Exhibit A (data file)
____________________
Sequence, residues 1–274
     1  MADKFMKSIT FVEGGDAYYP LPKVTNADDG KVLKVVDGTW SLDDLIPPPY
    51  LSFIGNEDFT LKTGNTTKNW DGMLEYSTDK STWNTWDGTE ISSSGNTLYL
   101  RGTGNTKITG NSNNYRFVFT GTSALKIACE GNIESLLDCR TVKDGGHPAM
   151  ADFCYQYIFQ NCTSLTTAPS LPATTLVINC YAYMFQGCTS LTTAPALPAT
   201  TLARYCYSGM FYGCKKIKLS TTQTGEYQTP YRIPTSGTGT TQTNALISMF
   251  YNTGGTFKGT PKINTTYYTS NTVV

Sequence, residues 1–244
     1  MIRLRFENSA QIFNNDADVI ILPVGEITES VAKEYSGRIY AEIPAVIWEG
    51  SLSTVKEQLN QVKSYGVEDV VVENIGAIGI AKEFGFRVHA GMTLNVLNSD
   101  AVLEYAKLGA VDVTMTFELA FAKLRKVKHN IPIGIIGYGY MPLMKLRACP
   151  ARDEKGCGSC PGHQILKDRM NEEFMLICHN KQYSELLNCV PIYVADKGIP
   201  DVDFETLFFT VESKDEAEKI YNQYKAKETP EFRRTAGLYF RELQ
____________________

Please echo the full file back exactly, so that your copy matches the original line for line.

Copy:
Sequence, residues 1–274
     1  MADKFMKSIT FVEGGDAYYP LPKVTNADDG KVLKVVDGTW SLDDLIPPPY
    51  LSFIGNEDFT LKTGNTTKNW DGMLEYSTDK STWNTWDGTE ISSSGNTLYL
   101  RGTGNTKITG NSNNYRFVFT GTSALKIACE GNIESLLDCR TVKDGGHPAM
   151  ADFCYQYIFQ NCTSLTTAPS LPATTLVINC YAYMFQGCTS LTTAPALPAT
   201  TLARYCYSGM FYGCKKIKLS TTQTGEYQTP YRIPTSGTGT TQTNALISMF
   251  YNTGGTFKGT PKINTTYYTS NTVV

Sequence, residues 1–244
     1  MIRLRFENSA QIFNNDADVI ILPVGEITES VAKEYSGRIY AEIPAVIWEG
    51  SLSTVKEQLN QVKSYGVEDV VVENIGAIGI AKEFGFRVHA GMTLNVLNSD
   101  AVLEYAKLGA VDVTMTFELA FAKLRKVKHN IPIGIIGYGY MPLMKLRACP
   151  ARDEKGCGSC PGHQILKDRM NEEFMLICHN KQYSELLNCV PIYVADKGIP
   201  DVDFETLFFT VESKDEAEKI YNQYKAKETP EFRRTAGLYF RELQ